I felt great.  I felt motivated.  I felt relieved.  I felt sad.  Sad that we even have to do this.  Sad we’ve lost so many incredible men who live to save lives and make this world a better place.  I don’t know why so many of the good ones are taken, but I do know that it only makes this team of special tactics Airmen stronger.  I know the resilience of this command and these men are incredible.  They know the risks of what they do and they know they are going to lose friends.  But they do it because they are some of the most selfless people in this world of ours.  They are first there…that others may live.  And they will always be there.

But they will never forget their fallen and they will never stop sacrificing for them.  I’m honored to tell their story and I’m honored to know them.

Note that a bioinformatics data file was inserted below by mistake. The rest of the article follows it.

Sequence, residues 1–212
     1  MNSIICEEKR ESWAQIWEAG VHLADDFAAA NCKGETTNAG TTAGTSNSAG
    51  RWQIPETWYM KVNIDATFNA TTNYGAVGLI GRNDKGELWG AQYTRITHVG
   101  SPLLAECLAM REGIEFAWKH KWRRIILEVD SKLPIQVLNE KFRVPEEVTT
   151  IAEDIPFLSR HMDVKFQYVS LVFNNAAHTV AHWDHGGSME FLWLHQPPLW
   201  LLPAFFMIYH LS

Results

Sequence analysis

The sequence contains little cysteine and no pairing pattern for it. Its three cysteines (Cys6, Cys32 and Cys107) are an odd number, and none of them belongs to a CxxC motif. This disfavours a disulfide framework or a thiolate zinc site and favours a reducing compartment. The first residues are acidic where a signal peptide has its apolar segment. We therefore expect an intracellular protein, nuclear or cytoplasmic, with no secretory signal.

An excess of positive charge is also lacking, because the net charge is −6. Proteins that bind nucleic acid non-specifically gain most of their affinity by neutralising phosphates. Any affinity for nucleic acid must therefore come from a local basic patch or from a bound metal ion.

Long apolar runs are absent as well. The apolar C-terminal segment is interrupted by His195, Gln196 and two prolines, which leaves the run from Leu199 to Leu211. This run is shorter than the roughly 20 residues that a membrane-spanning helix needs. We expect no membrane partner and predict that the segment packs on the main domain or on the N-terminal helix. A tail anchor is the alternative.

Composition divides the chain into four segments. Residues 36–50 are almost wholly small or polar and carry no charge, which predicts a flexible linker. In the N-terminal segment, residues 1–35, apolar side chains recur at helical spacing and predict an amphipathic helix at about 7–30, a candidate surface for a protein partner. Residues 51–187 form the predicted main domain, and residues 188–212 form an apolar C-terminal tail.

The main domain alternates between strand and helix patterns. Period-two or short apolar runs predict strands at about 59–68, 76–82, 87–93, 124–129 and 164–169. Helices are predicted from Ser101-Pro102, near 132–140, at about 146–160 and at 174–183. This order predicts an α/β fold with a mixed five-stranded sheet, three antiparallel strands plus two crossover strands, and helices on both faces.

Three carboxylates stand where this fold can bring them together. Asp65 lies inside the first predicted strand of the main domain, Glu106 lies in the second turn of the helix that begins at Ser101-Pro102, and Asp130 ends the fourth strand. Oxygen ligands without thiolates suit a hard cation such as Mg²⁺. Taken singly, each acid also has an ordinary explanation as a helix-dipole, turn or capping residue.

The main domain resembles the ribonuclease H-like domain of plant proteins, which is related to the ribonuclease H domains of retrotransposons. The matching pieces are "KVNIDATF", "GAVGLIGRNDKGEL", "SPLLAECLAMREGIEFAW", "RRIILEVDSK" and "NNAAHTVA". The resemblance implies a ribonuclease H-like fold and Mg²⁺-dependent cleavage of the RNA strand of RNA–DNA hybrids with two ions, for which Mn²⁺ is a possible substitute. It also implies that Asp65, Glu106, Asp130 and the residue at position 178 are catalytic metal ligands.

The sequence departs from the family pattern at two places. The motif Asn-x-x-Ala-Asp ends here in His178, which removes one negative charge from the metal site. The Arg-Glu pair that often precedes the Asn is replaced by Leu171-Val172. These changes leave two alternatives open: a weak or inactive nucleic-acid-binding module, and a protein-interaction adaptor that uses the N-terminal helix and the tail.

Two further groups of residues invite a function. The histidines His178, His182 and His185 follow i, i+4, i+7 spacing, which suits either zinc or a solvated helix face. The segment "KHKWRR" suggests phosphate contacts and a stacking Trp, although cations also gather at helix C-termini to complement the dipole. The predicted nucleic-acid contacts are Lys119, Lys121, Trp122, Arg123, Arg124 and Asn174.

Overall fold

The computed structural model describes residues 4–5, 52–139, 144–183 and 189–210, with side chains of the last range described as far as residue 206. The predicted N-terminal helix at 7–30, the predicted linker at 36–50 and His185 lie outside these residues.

Support for our Heroes

I’m here at Lackland Air Force Base in San Antonio, Texas and it’s past late but my mind is racing and I need to get some thoughts down.  I’ve been around some pretty incredible people since I’ve arrived at Air Force Special Operations Command in July. And now I’m about to embark on an adventure I won’t soon forget with 18 special operations Airmen who are trying very hard to preserve and honor the memory of their fallen comrades.

But, this Memorial March isn’t just about honoring the men, it’s also about educating the American people about the sacrifices these Airmen are willing to make on their behalf.  I don’t know how many of you know about the blood, sweat and tears it takes to become an Air Force Special Tactics Airmen. You can truly compare these men to Navy Seals and Army Green Berets.  In fact, these guys often work right alongside them.